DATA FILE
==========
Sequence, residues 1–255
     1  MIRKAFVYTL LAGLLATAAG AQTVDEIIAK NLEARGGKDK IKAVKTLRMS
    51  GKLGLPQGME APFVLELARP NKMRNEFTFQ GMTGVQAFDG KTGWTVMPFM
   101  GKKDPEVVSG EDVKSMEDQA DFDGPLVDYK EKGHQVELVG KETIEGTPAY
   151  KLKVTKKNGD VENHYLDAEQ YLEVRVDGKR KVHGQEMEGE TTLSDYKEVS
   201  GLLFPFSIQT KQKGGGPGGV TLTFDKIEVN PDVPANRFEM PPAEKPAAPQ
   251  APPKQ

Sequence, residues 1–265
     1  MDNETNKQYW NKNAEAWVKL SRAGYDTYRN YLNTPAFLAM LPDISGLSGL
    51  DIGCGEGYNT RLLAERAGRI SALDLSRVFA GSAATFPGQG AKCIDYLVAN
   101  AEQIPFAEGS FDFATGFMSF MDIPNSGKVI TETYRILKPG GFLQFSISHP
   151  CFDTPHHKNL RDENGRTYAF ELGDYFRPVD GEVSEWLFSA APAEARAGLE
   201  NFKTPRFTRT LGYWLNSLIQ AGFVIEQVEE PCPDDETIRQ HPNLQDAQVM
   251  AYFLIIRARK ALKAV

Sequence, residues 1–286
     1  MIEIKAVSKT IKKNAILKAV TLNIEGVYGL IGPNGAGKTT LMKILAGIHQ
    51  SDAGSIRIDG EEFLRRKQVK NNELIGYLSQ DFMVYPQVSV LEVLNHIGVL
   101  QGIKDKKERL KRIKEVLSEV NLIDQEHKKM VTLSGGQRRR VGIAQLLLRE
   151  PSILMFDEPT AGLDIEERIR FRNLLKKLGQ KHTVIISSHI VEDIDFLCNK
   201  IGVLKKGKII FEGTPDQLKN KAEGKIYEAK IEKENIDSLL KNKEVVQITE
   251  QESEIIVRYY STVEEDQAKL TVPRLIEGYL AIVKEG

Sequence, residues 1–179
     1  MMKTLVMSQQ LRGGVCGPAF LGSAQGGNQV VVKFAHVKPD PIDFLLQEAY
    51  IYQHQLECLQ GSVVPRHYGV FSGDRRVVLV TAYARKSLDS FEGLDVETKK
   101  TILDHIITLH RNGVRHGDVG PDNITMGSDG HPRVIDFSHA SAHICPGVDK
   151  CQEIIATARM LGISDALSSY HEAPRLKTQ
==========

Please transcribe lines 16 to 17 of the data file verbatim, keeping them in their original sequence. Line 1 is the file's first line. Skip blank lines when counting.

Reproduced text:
     1  MIEIKAVSKT IKKNAILKAV TLNIEGVYGL IGPNGAGKTT LMKILAGIHQ
    51  SDAGSIRIDG EEFLRRKQVK NNELIGYLSQ DFMVYPQVSV LEVLNHIGVL